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Two new omicron subvariants have overtaken BA.5 as the prevailing versions of the coronavirus in the U.S.
BA.5 became dominant in July, then consistently accounted for the majority of new Covid infections until last week.
But data from the Centers for Disease Control and Prevention published Friday showed that the new subvariants — called BQ.1.1 and BQ.1 — have taken over. The two together make up around 44% of new Covid infections, whereas BA.5 makes up just 30%.
“BA.5 is essentially declining quickly, probably soon to be gone,” said Dr. Dan Barouch, director of the Center for Virology and Vaccine Research at Beth Israel Deaconess Medical Center in Boston.
BQ.1.1 and BQ.1 cases are also rising in the U.K. and elsewhere in Europe. The two subvariants made up around 18% of new infections in the European Union from Oct. 17-30, and the European CDC expects that share to jump to more than 50% this month or next.
Both of the subvariants are considered part of the BA.5 family — they’re sublineages that evolved from BA.5. But preliminary data suggests they are better at evading immunity from Covid vaccines, including the new bivalent boosters, or a previous Covid infection than past versions of omicron. That may give these subvariants higher transmissibility, which could fuel a rise in cases this winter.
Research from Dr. Shan-Lu Liu, co-director of the Viruses and Emerging Pathogens Program at Ohio State University, suggests that BQ.1.1 and BQ.1 both have a mutation that makes them better at entering our cells. Liu’s findings are set to be published in the journal Cell Host & Microbe, but a nonpeer-reviewed version is available online.
“There is a clear trend that these two new subvariants are taking off, which is a concern,” he said, noting that the share of BQ.1.1 and BQ.1 infections in the U.S. has roughly doubled each week since early October.
Barouch said BQ.1.1 in particular has an additional mutation that could make it slightly better at sidestepping antibodies than BQ.1. For that reason, he anticipates that BQ.1.1 will overtake its sibling and drive “a large amount of infections” this winter.
“BQ.1.1 appears to be the most antibody-evasive variant that we’ve seen to date,” Barouch said.
He released preliminary findings this month showing that Covid vaccines (both the original versions and updated boosters) don’t hold up as well against BQ.1.1. The data have not been peer reviewed, but the results suggest that people who received updated boosters or original vaccines from Moderna or Pfizer had about seven-fold lower levels of antibodies against BQ.1.1 than against BA.5.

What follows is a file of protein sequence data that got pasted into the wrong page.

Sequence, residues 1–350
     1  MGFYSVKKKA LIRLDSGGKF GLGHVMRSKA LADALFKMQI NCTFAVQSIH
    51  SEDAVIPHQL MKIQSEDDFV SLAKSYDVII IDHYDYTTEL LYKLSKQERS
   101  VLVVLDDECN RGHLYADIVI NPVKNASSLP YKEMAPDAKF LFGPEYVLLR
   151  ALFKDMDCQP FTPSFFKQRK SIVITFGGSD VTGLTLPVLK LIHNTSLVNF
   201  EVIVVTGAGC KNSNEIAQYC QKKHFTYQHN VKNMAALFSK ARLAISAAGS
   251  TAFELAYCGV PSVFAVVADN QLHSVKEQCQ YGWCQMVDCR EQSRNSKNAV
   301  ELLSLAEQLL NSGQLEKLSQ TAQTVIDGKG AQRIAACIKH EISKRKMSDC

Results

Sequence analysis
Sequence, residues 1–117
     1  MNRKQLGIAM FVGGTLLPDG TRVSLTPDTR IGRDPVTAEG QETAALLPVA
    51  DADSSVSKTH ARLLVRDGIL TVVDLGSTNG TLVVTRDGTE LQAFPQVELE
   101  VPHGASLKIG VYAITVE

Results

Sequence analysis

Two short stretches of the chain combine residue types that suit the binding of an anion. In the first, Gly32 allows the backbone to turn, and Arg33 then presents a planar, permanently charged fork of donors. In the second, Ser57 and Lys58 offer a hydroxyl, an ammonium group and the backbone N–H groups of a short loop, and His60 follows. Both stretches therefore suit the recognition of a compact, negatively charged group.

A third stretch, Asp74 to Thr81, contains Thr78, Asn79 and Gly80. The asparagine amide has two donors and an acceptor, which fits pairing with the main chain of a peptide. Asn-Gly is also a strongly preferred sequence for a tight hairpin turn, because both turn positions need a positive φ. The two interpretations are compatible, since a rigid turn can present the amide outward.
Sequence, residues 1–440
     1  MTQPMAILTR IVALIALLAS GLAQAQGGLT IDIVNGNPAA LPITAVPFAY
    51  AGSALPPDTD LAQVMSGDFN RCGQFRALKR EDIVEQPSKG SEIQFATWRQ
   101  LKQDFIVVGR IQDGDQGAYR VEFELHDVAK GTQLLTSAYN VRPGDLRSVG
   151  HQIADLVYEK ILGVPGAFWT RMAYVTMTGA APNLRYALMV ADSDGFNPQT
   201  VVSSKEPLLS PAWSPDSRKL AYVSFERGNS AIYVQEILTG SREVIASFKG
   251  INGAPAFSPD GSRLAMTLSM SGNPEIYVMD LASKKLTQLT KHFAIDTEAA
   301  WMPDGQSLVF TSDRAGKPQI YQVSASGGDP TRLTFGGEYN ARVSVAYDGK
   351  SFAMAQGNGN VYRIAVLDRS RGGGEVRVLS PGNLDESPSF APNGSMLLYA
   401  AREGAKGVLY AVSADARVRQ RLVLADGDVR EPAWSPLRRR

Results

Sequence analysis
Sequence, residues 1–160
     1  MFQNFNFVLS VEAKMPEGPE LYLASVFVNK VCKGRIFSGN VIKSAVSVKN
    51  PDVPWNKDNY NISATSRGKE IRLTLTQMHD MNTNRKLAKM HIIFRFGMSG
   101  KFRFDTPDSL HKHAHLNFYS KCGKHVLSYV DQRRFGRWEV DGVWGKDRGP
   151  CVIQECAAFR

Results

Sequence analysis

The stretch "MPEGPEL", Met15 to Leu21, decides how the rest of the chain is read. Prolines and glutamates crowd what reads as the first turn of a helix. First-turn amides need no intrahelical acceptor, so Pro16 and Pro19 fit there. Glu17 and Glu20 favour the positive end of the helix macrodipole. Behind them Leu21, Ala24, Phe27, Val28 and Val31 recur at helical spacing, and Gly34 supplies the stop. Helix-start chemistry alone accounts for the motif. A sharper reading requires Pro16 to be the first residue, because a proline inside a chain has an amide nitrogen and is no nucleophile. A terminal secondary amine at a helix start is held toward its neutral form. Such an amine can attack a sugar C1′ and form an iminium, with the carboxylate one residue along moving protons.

However, because these BQ subvariants are genetically similar to BA.5, vaccines, tests and treatments should still work against them overall, said Andrew Pekosz, a virologist at Johns Hopkins University.
“In the U.S. right now, virtually all the variants circulating are related to BA.5, and therefore if you get the bivalent vaccine, you’ll increase your immunity to it to some extent,” Pekosz said.
Scientists don’t expect these new subvariants to cause more severe disease, either.
“It’s encouraging that we’re not seeing really large boosts in hospitalization, because that’s implying that the immunity that we have is still protecting us from severe disease,” Pekosz said.
Thus far, Covid symptoms have stayed relatively consistent across omicron variants. Data from the Zoe COVID Symptom Study, which enables people in the U.K. to self-report their symptoms through a smartphone app, suggests that sore throat, congestion, headache, cough and runny nose were the main Covid symptoms as of early November.
“There’s nothing in the signature of the clinical cases that are being reported that suggests that anything is changing in terms of symptoms with these omicron subvariants,” Pekosz said.
But the rise of the new subvariants could be a sign that the U.S. is experiencing an increase in Covid cases that isn’t reflected in the official data, he added. Many people use at-home tests, but the CDC doesn’t track those results unless they’re confirmed by a health care provider.
“What we may be seeing here is that there’s probably a lot more infections than we’re counting, and therefore the virus has had a lot more opportunities to mutate,” Pekosz said.
He added that it’s not yet clear whether BQ.1.1 and BQ.1 will remain dominant for long. Scientists are also keeping an eye on XBB, another omicron subvariant that descended from the BA.2 strain and may be even better than the BQ subvariants at evading antibody protection. XBB is circulating more widely in Asia than the U.S.
With the holidays approaching, some virologists anticipate that the U.S. could see a fresh wave of cases as more people travel and gather indoors.
“Last year around Thanksgiving, omicron came out from nowhere,” Liu said. “This is a virus. Anything can happen.”
Aria Bendix is the breaking health reporter for NBC News Digital.
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